Congressional action on two key areas of retirement planning--defined benefit (DB) funding and investment advice--are expected to come by year-end, which is good news to those who say action is sorely needed.
Companies that sponsor traditional pension plans are still trying to overcome the huge jump in funding obligations resulting from the combined effects of the market losses in 2008, the tightened credit markets, and low interest rates, says Lynn Dudley, senior VP for policy at the American Benefits Council in Washington.
The House Ways and Means Committee held a hearing October 1 to figure out how to ease companies' DB funding obligations. Those in the industry as well as Congress agree that "we have an emergency problem," Dudley says. Congress has "to do something this year, otherwise we have to start laying people off."
The market collapse in 2008 was not something that had been modeled during drafting of the Pension Protection Act of 2006 (PPA), which set out how funding obligations should be calculated. "When you have dramatic losses, you go to the credit markets and you buy the difference. Companies can't go out and borrow the money for their pension plan because there isn't that much liquidity in the credit market because of the financial crisis," Dudley explains. "On top of that, interest rates are really low and that's increasing our liabilities--the lower the interest rate, the higher the liabilities because you are using that to predict how much you're going to earn in the future. So the combination is holding funding obligations at an exorbitant amount, in some cases a 650% increase."
The final guidance on DB funding released by the Treasury Department in early October "doesn't remedy the problem," Dudley says. Rather, it clarifies that for 2009 funding obligations, companies can use a "spike in the spot rate [the interest rate used in the fall of 2008] and then switch back to a smoothed rate for calculating liabilities," she says. "We've solved the problem for 2009," Dudley continues, but the funding problem for 2010 is right around the corner. "It's already fourth quarter of 2009, and our obligations for 2010 are locked in on January 1, 2010."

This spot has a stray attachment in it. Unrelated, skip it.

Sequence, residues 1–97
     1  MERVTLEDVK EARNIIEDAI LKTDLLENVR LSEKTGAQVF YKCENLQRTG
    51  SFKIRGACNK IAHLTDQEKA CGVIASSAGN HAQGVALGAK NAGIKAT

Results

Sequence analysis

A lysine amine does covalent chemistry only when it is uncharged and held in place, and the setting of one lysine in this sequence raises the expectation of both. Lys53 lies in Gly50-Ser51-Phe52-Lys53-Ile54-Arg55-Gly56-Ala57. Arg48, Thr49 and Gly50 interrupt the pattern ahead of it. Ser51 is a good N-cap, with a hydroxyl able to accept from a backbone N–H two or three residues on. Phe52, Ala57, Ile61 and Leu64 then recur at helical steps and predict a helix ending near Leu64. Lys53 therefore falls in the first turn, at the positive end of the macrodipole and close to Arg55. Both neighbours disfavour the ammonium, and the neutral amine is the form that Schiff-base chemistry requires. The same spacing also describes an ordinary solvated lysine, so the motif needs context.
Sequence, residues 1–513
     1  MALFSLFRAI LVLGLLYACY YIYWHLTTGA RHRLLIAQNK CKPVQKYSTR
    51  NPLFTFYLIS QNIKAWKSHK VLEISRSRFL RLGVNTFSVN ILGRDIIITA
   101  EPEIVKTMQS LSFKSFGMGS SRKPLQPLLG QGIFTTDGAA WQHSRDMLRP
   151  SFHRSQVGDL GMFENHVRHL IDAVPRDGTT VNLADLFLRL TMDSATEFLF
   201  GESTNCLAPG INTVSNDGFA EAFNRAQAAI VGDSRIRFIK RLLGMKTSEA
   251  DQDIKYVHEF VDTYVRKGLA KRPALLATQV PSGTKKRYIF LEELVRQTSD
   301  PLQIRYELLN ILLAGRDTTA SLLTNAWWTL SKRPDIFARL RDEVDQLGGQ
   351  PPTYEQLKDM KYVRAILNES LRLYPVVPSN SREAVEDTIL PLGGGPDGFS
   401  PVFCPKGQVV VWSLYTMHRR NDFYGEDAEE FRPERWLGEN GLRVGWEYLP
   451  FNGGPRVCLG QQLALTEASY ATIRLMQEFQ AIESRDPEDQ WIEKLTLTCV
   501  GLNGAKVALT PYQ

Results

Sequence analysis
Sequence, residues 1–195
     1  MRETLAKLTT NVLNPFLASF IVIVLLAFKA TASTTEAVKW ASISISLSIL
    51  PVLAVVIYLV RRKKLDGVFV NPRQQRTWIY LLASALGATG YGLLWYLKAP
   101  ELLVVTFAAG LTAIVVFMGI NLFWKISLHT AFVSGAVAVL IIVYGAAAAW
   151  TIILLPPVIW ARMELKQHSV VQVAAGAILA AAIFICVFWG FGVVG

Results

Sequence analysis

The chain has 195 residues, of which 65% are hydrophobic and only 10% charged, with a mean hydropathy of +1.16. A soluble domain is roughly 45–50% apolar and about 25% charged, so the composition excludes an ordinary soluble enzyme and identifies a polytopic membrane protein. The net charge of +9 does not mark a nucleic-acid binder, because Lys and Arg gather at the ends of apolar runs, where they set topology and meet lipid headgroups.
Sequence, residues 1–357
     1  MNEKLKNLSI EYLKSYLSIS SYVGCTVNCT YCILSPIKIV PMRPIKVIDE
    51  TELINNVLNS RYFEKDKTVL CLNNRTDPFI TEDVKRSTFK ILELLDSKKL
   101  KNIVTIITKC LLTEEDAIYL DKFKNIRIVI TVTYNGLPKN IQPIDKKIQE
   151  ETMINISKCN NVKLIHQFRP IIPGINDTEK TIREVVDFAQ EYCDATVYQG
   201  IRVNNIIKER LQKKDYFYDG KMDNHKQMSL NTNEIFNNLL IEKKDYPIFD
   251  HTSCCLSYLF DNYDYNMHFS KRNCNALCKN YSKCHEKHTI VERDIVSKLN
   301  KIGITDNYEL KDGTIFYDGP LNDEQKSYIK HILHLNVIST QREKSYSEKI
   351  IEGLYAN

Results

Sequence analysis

The Advice Issue
As for investment advice, industry officials argue that H.R. 2989, the 401(k) Fair Disclosure and Pension Security Act of 2009, passed by the House Committee on Education and Labor in June, will substantially reduce the number of participants who actually receive advice under the current rules. James McCarthy, managing director of retirement plan services at Morgan Stanley Smith Barney, testified before the Ways and Means Committee October 1 on behalf of the Securities Industry and Financial Markets Association (SIFMA), and said that because H.R. 2989 prohibits financial institutions from recommending an investment "if they or their affiliate serves as a custodian, broker, record keeper, or investment provider to a plan or IRA,...roughly 20 million fewer plan participants and IRA owners will no longer have access to existing advice programs, let alone the expanded offerings that PPA [Pension Protection Act of 2006] was to make available." Travis Larson, a spokesperson for SIFMA, says that the organization expects the House Ways and Means Committee "to mark up legislation this fall," and that he expects the bill will focus on DB funding and fees, and "possibly an advice piece."